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Bellingham Fire intubations
The Bellingham Herald broke the news that the body of a patient who died on the way to the hospital was used for intubation practice by 11 Bellingham Fire employees. Here are the stories about what happened.
The Washington State Department of Health’s Office of Investigation and Inspection has opened a complaint to see if an investigation is warranted in response to a story by The Bellingham Herald about officers of the Bellingham Fire Department leading an intubation training session on a deceased patient who was taken to Fire Station 1 in July.
“It will now be assessed by case management to see if it warrants investigation,” Washington State Department of Health Center for Public Affairs Communications Consultant Sharon Moysiuk said Tuesday in an email to The Herald. “That’s all part of the process. The individuals will be identified that were involved as part of being a credentialed health care provider.”
Though Moysiuk said everything is allegations at this point, if the investigation finds sufficient evidence of wrongdoing, the individuals may be charged with unprofessional conduct. They would then have 20 days to respond in writing or to request a hearing with the Health Law Judge.
“There can be a range of consequences such as suspension, fines and/or require additional education and, in the worst possible case, a revoked credential,” Moysiuk said.
The city of Bellingham Tuesday released the names of the 11 staff members who were involved in the incident, which Bellingham Fire Chief Bill Newbold said in a statement Monday “was neither normal nor acceptable.” According to communications director Vanessa Blackburn in a Tuesday email to The Herald, the employees who admitted to performing intubations on the deceased patient were: Jeff Brubaker, Matt Cook, Hunter Elliott, Scott Farlow, Steve Larsen, Mannix McDonnell, Kristia Peschka, Micah Quintrall, Derik Scott, Olivia Sund and Aaron Wolven.
One additional person, who was unnamed, was disciplined related to the incident, Blackburn said.
According to the 2017 Bellingham Fire Department annual report, McDonnell was selected to fill the division chief role for the EMS division midway through last year. According to a 2017 story by The Bellingham Herald, Brubaker was a Bellingham Fire captain, and a 2016 story listed Farlow as an EMS supervisor. The 2017 annual report also listed Peschka and Sund as district administration hires.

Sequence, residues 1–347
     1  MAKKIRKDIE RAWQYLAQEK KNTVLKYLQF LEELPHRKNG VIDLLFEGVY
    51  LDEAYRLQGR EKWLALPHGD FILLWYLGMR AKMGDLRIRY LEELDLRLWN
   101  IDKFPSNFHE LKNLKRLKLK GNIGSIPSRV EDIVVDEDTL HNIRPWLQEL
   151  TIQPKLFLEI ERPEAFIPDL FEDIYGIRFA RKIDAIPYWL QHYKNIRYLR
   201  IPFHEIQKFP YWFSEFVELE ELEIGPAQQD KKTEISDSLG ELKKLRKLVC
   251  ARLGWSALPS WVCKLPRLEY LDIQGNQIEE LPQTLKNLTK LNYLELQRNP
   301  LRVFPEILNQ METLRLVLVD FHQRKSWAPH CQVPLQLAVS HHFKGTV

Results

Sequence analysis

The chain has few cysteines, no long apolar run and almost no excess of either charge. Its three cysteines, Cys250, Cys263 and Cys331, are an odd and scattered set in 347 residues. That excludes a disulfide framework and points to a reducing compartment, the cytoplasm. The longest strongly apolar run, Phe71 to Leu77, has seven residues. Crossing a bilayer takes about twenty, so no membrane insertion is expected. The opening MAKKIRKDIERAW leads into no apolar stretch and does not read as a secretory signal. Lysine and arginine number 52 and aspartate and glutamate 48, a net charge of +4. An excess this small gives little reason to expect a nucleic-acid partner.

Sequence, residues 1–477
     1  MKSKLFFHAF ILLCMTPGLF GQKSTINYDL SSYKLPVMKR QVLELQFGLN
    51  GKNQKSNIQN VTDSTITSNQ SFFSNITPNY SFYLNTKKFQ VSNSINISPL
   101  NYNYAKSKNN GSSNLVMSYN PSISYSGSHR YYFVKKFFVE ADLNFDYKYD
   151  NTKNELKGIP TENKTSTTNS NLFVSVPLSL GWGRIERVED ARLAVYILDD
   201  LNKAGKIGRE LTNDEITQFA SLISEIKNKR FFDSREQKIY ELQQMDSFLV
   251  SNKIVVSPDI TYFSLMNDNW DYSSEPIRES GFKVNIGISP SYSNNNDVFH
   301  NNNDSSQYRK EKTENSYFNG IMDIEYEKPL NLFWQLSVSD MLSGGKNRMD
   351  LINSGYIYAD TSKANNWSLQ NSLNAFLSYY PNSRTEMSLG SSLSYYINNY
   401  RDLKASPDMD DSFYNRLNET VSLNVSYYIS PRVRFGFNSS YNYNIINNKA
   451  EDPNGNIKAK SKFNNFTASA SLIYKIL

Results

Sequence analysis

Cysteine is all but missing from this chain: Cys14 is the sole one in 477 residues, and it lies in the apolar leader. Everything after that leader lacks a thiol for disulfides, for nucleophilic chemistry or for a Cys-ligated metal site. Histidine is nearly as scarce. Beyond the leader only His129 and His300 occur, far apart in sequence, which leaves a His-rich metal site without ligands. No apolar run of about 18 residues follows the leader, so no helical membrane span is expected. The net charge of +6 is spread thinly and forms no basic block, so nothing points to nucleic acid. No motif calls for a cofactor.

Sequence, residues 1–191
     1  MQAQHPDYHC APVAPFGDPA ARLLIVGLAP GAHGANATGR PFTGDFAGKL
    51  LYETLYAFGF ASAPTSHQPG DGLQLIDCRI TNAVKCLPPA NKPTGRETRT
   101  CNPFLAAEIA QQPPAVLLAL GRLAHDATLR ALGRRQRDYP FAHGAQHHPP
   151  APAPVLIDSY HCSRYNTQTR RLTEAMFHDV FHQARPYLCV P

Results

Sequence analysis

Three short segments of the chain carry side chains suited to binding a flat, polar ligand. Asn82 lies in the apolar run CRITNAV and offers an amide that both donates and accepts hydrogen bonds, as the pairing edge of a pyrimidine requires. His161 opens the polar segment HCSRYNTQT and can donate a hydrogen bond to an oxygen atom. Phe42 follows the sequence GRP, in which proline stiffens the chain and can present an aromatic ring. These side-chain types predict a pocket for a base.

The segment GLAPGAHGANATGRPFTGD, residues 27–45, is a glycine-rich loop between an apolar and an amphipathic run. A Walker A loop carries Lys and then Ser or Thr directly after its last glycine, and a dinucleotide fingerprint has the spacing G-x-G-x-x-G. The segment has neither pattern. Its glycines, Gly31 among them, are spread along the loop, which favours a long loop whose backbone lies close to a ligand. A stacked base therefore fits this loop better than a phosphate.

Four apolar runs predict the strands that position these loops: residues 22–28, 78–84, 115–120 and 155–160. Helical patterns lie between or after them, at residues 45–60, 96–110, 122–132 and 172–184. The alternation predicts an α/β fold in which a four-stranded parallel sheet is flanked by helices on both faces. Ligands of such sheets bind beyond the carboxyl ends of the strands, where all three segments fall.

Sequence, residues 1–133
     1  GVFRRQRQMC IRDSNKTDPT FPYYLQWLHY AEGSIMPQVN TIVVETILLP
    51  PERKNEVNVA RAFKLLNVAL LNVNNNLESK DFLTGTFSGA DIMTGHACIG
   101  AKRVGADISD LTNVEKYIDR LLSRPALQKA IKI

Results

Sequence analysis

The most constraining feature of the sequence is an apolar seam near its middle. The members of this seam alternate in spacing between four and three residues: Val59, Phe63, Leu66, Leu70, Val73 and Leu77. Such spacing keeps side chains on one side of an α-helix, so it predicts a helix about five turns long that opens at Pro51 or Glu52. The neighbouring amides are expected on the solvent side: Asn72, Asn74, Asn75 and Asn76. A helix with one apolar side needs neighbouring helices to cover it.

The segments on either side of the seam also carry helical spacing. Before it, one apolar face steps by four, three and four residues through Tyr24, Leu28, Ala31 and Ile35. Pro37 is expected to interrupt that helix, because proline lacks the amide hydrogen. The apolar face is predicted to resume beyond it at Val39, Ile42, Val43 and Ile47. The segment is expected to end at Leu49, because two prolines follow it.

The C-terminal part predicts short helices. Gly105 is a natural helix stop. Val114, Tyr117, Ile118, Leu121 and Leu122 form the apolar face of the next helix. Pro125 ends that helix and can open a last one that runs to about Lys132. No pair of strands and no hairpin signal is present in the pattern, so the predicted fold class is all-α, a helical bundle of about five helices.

Blackburn said the city is not aware of any criminal investigations at this time. Whatcom County Undersheriff Jeff Parks confirmed Tuesday in an email to The Herald that the Sheriff’s Office was not involved in a criminal investigation of the incident. And, a Tuesday email from Bellingham Police Department Records Supervisor Brandi Nyhus, responding to a public records request by The Bellingham Herald, said, “The Bellingham Police Department has no responsive records to disclose.”
The city of Bellingham announced Monday that an officer with 28 years of experience with the fire department retired and another officer with 23 years experience resigned following an investigation into the incident.
The investigation revealed that in July a deceased patient was taken by ambulance to Station 1 to await a pickup by a funeral home. While the body was at the station, several fire department members, including a division chief and EMS captains, practiced multiple intubations, according to information provided by Blackburn on Monday.
“The chief officer directing this activity was immediately placed on administrative leave pending the outcome of a complete and thorough investigation,” Newbold said in a statement Monday. “The investigation confirmed to me that the actions of the personnel involved were unacceptable and constitute serious misconduct.”
In addition to the two officers who retired or resigned, Blackburn said the other nine members who admitted to intubating the patient received suspensions without pay or letters in their personnel files, depending on their involvement.